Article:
Text: S.1911 — 110th Congress (2007-2008)All Information (Except Text)

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Reported to Senate (09/24/2008)

Calendar No. 1057

110th CONGRESS
2d Session
S. 1911

[Report No. 110–486]


To amend the Safe Drinking Water Act to protect the health of susceptible populations, including pregnant women, infants, and children, by requiring a health advisory, drinking water standard, and reference concentration for trichloroethylene vapor intrusion, and for other purposes.


IN THE SENATE OF THE UNITED STATES

August 1, 2007

Mrs. Clinton (for herself, Mrs. Dole, Mrs. Boxer, Mr. Lautenberg, Mr. Kerry, Mr. Lieberman, Mr. Nelson of Florida, and Ms. Klobuchar) introduced the following bill; which was read twice and referred to the Committee on Environment and Public Works

September 24 (legislative day, September 17), 2008

Reported by Mrs. Boxer, without amendment


A BILL

To amend the Safe Drinking Water Act to protect the health of susceptible populations, including pregnant women, infants, and children, by requiring a health advisory, drinking water standard, and reference concentration for trichloroethylene vapor intrusion, and for other purposes.

Be it enacted by the Senate and House of Representatives of the United States of America in Congress assembled,

SECTION 1. Short title; table of contents.

(a) Short title.—This Act may be cited as the “Toxic Chemical Exposure Reduction Act of 2008” or the “TCE Reduction Act of 2008”.

(b) Table of contents.—The table of contents of this Act is as follows:


Sec. 1. Short title; table of contents.

Sec. 2. Findings and purpose.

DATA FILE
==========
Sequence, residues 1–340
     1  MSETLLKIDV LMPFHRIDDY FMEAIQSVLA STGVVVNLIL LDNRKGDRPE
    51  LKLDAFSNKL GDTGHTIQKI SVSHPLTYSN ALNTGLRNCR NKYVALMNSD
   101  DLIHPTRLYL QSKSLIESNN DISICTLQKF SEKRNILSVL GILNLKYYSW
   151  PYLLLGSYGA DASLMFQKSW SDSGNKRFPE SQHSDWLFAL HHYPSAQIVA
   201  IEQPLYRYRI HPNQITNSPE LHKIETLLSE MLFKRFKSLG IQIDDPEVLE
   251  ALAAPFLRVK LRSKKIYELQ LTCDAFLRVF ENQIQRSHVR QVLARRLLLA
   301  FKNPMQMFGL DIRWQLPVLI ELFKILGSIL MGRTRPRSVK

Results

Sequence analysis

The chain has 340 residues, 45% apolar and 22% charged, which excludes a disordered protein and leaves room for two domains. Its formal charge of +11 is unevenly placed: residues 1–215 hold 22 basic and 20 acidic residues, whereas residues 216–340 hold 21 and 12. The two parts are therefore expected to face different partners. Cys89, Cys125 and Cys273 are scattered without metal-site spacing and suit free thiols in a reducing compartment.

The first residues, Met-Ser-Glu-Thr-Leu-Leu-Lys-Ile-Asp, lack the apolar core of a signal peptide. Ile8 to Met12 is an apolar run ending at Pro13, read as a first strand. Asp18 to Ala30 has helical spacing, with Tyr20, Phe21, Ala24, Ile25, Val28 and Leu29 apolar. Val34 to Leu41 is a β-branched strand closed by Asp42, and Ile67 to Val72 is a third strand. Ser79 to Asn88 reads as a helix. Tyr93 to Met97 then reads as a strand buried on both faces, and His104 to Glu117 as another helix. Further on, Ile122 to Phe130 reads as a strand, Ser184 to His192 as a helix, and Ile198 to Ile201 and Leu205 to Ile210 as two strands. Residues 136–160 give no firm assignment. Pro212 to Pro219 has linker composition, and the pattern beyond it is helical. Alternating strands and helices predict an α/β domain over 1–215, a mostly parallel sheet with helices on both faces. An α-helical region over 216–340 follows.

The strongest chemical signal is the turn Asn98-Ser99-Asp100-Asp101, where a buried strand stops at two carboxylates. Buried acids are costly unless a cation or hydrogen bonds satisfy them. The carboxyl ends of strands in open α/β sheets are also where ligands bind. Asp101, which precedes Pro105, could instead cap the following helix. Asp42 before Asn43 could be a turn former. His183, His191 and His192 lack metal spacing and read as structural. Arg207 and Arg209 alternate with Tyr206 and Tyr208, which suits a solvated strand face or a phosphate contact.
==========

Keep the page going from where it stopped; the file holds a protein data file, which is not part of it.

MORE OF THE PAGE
Sec. 101. Health advisory and national primary drinking water regulation for trichloroethylene.

Sec. 201. Health advisory and reference concentration for trichloroethylene.

SEC. 2. Findings and purpose.

(a) Findings.—Congress finds that—

(1) trichloroethylene is a metal degreaser and an ingredient in adhesives and paint removers;

(2)(A) waste from the use and improper disposal of chemicals containing trichloroethylene is widespread in soil and water;

(B) more than 1,000 waste sites in the United States are contaminated with trichloroethylene;

(C) it is well documented that individuals in many communities are exposed to trichloroethylene and experience associated health risks;

(D) certain human subpopulations might be at increased risk to trichloroethylene exposure because of age, genetic polymorphisms, or preexisting diseases; and

(E) in utero exposure to trichloroethylene has been associated with birth defects and childhood diseases, including cancer;

(3) according to the report of the National Academy of Sciences entitled “Assessing the Human Health Risks of Trichloroethylene: Key Scientific Issues”—

(A) acute exposures to trichloroethylene occurring as a result of occupational industrial accidents are associated with nerve damage and residual neurological deficits, including memory loss;

(B) high-concentration exposure to air contaminated with trichloroethylene—

(i) causes nervous system damage;

(ii) has been associated with generalized skin eruptions and other more severe skin and mucus membrane conditions, such as Stevens-Johnson syndrome; and

(iii) can cause liver dysfunction, leading to jaundice, hepatomegaly, and hepatic encephalopathy;

(C) trichloroethylene in drinking water can alter the therapeutic action of medications, including anticoagulants and barbiturates;